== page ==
Research in plain English
Scientific research can be challenging to follow, especially for those who are not experts in the field. There is lots of interest in COVID-19 from the public. The authors of the paper published in the BJS have provided a plain English summary to help people understand the work.
As we continue in and between subsequent pandemic waves, and patients are booked for surgery, the CovidSurg cancer study data can help to identify where services can best spend resources to protect patients. This paper, published in the BJS evaluates the associations between SARS-CoV-2 testing before operations and serious breathing problems afterward.
SARS-CoV-2 swab testing before planned surgery reduces serious breathing complications
At least 28 million operations were delayed during the first COVID-19 pandemic wave. As we resume operating, we need the ability to identify patients with pre-symptomatic infection and postpone surgery to keep those patients safe. We also need to use resources wisely by testing in situations where it will likely provide a benefit.
To understand the value of preoperative SARS-CoV-2 testing to prevent serious breathing problems after surgery.
To maximise the benefits for patients and guide the use of resources, this study looks at where and when swab testing can change patient outcomes.
Surgical team members in 432 hospitals in 53 countries collected anonymised data for all patients having planned cancer surgery during the pandemic up to 19 April 2020. We included all patients with data about preoperative testing. Patients suspected of having the infection pre-operatively were excluded. Researchers recorded if a patient died or had serious breathing problems up to 30 days after their operation.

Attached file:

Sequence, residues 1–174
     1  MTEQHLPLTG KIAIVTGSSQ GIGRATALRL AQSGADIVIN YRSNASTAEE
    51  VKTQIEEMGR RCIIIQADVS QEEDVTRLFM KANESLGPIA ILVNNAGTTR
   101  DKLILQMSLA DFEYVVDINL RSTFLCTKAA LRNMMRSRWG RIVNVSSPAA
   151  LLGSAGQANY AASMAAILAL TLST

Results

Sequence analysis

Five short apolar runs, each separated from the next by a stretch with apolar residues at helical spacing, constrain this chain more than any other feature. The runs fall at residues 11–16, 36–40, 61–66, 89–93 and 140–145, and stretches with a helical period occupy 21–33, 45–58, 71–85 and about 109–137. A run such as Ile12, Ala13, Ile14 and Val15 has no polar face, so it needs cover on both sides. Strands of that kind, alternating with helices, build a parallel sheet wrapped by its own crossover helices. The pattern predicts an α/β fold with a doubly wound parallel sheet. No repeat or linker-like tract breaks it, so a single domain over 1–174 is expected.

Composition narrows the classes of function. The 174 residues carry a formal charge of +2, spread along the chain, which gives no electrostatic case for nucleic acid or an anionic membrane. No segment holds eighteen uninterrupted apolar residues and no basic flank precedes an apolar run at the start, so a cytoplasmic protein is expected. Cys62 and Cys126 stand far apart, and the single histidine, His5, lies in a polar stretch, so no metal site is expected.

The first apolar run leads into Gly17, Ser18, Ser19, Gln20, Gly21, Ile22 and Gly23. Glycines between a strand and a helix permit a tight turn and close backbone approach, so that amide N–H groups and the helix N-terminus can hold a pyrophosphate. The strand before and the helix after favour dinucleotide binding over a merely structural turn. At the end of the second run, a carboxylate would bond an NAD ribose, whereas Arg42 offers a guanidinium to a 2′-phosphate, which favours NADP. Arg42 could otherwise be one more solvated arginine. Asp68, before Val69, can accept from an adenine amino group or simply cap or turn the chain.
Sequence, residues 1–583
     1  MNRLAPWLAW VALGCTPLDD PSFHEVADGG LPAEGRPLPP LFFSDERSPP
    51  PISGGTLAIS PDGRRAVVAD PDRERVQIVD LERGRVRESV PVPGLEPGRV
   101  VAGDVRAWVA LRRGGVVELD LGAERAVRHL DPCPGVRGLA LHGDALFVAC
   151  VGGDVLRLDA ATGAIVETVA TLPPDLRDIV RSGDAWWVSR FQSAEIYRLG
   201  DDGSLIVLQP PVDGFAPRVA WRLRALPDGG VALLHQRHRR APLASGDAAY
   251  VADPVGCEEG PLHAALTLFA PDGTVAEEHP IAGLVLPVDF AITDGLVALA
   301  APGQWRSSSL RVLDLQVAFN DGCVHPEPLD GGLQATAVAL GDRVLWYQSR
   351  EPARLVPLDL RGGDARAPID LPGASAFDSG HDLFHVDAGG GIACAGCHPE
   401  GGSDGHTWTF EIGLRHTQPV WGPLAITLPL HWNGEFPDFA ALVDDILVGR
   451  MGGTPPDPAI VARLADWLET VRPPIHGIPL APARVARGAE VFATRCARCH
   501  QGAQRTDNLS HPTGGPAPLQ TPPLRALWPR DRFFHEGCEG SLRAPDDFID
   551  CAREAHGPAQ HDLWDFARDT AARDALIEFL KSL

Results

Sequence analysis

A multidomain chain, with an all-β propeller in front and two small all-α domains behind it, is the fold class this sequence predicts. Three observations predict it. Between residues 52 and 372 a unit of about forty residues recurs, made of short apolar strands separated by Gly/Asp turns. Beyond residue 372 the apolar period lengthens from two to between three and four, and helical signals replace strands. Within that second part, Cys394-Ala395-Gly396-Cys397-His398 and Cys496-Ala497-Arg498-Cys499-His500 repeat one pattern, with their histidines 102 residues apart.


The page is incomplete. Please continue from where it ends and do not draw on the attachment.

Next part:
2303/8784 patients (23%) were tested for SARS-CoV-2 before their operation. 1458 had a swab test, 521 a CT scan of their chest and 324 had both tests. 6746 major operations and 1087 minor operations were performed in high SARS-CoV-2 risk areas and a minority of operations took place in low risk areas.
Overall, 4% of patients experienced serious breathing problems following surgery. The rate was higher in patients with no test or CT scan-only testing. At least one negative swab before operation reduced the risk of serious breathing problems after surgery. Having repeated swabs did not add extra benefit.
The data showed that swab testing reduced breathing problems in high risk COVID areas but not in low risk areas. It also showed that a swab before major surgery reduced breathing problems but not before minor surgery.
How many patients must be swabbed to prevent one patient having serious breathing problems?
To prevent one patient having serious breathing problems after major surgery, in a high risk area, 18 patients had to be swabbed; 48 had to be swabbed before minor surgery in a high risk area. This increased to 73 patients swabbed before major or 387 before minor surgery in low risk areas, to prevent one patient having breathing problems.
Some evidence also suggested there was a lower death rate among patients who were swabbed before their surgery.
The study group was able to recommend that ‘A single preoperative swab should be performed for patients with no clinical suspicion of COVID-19 before major surgery in both high and low risk areas and before minor surgery in high risk population areas’.
Swab testing before surgery is likely to benefit patients by identifying pre-symptomatic or asymptomatic COVID-19 infection prior to admission. A positive swab result triggers operation delay, protects patients from severe breathing problems after surgery and helps protect other patients from in-hospital infection. Swabs together with other strategies, should be used to protect patients from COVID-19 during hospital care.